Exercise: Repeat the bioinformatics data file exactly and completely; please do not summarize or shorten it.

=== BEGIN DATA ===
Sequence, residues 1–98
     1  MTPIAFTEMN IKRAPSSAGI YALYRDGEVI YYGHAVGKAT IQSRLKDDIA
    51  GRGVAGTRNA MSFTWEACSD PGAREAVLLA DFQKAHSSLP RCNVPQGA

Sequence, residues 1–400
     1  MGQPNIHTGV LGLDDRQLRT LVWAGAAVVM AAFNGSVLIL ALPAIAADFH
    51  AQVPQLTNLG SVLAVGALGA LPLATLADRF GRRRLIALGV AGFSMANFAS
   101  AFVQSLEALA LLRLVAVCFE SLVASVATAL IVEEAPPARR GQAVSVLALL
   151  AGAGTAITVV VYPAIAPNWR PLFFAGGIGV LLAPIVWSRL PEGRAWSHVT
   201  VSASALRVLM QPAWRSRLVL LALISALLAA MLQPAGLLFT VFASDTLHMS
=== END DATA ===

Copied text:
Sequence, residues 1–98
     1  MTPIAFTEMN IKRAPSSAGI YALYRDGEVI YYGHAVGKAT IQSRLKDDIA
    51  GRGVAGTRNA MSFTWEACSD PGAREAVLLA DFQKAHSSLP RCNVPQGA

Sequence, residues 1–400
     1  MGQPNIHTGV LGLDDRQLRT LVWAGAAVVM AAFNGSVLIL ALPAIAADFH
    51  AQVPQLTNLG SVLAVGALGA LPLATLADRF GRRRLIALGV AGFSMANFAS
   101  AFVQSLEALA LLRLVAVCFE SLVASVATAL IVEEAPPARR GQAVSVLALL
   151  AGAGTAITVV VYPAIAPNWR PLFFAGGIGV LLAPIVWSRL PEGRAWSHVT
   201  VSASALRVLM QPAWRSRLVL LALISALLAA MLQPAGLLFT VFASDTLHMS